As I noted at the Lunch Buffet, the day after we published Stuart Reid’s article on Rand Paul’s growing influence on GOP foreign policy, the hyper-conservative Washington Free Beacon published a heat-seeking item by Alana Goodman reporting that one of the Paul advisors mentioned in Reid’s piece, Senate staffer (and former book co-author with his boss), Jack Hunter, has a rich and vivid history as a neo-Confederate agitator in various media.
Goodman unearths a long list of southern revisionist utterances by Hunter, who called himself “the Southern Avenger” in his years as a radio talk host, often sporting a Confederate Battle Flag mask. His claims that he has “moderated” his views since becoming a fixture in Rand Land sound more like “I learned to keep my mouth shut” rationalizations than anything else.
Now unsavory right-wing associations are hardly a new problem for Rand Paul (or for his father, for that matter). As Salon’s Alex Seitz-Wald points out, the first spokesperson for Paul’s 2010 Senate campaign had to step down after his rock band’s MySpace page was found to be full of racist invective.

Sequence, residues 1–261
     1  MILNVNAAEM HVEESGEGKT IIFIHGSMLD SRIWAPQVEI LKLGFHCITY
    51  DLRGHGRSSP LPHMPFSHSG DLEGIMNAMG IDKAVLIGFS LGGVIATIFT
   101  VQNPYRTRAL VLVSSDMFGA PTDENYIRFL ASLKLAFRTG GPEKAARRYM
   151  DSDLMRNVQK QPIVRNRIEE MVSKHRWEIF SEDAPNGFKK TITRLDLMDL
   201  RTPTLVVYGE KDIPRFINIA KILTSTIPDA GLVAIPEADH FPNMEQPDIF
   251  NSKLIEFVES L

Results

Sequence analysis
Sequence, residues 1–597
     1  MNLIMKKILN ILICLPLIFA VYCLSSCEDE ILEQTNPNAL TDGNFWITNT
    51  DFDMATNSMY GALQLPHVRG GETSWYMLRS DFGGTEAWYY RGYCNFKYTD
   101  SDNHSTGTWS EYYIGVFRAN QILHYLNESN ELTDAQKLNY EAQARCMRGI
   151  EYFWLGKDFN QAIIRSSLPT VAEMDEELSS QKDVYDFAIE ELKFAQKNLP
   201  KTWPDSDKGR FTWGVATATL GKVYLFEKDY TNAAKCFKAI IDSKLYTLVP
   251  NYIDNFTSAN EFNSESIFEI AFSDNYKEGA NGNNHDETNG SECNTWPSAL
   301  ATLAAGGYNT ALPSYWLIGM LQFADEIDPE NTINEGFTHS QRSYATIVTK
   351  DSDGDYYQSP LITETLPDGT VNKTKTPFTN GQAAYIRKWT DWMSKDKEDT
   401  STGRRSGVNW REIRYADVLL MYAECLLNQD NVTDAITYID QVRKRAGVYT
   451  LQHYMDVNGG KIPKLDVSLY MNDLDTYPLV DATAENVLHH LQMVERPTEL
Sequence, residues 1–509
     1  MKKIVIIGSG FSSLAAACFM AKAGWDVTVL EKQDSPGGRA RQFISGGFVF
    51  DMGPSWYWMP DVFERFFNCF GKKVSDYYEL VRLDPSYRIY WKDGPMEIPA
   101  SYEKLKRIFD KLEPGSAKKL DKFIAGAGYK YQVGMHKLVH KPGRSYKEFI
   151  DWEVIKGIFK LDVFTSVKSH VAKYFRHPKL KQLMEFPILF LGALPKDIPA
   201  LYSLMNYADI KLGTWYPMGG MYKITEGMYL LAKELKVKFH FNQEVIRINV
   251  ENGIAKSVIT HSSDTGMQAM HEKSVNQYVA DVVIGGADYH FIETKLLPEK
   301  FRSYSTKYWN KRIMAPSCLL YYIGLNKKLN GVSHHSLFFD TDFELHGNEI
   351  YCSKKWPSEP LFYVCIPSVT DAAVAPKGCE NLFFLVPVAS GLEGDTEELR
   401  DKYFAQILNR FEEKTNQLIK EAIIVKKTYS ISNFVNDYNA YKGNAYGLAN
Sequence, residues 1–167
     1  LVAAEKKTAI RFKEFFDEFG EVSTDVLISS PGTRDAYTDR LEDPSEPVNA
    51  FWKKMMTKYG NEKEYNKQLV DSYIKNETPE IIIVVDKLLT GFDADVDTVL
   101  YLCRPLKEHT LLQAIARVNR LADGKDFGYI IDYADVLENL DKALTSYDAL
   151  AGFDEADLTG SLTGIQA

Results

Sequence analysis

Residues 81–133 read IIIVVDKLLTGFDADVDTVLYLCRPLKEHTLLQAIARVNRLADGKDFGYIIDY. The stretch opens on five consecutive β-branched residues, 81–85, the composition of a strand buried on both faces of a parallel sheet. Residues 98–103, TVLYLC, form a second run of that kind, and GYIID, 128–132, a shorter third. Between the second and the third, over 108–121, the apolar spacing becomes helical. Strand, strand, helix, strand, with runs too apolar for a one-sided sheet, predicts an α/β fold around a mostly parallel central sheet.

TAP’s Jamelle Bouie notes Ron Paul’s famous association with racist newsletter articles, and also Sen. Paul’s history of wishy-washiness on the Civil Rights Act.
Racism aside, I’ve noted the close association of both Pauls with the Christian Reconstructionists of the U.S. Constitution Party. And Lord knows what’s a bit further under the surface.
If Team Paul can’t figure out how to put a lid on the Hunter problem, it could flare up next time he visits the key 2016 state of South Carolina, which happens to be where (surprise, surprise) “the Southern Avenger” cut most of his White Trash Superhero capers.
But a reminder of Paul’s deep roots outside the political mainstream should mainly be a reminder of the need to pay close attention to the ways in which he is seeking to make himself respectable. So enjoy the exposes of Jack Hunter, but then read Stuart Reid’s carefully researched examination of Rand Paul’s sudden foreign policy street cred.
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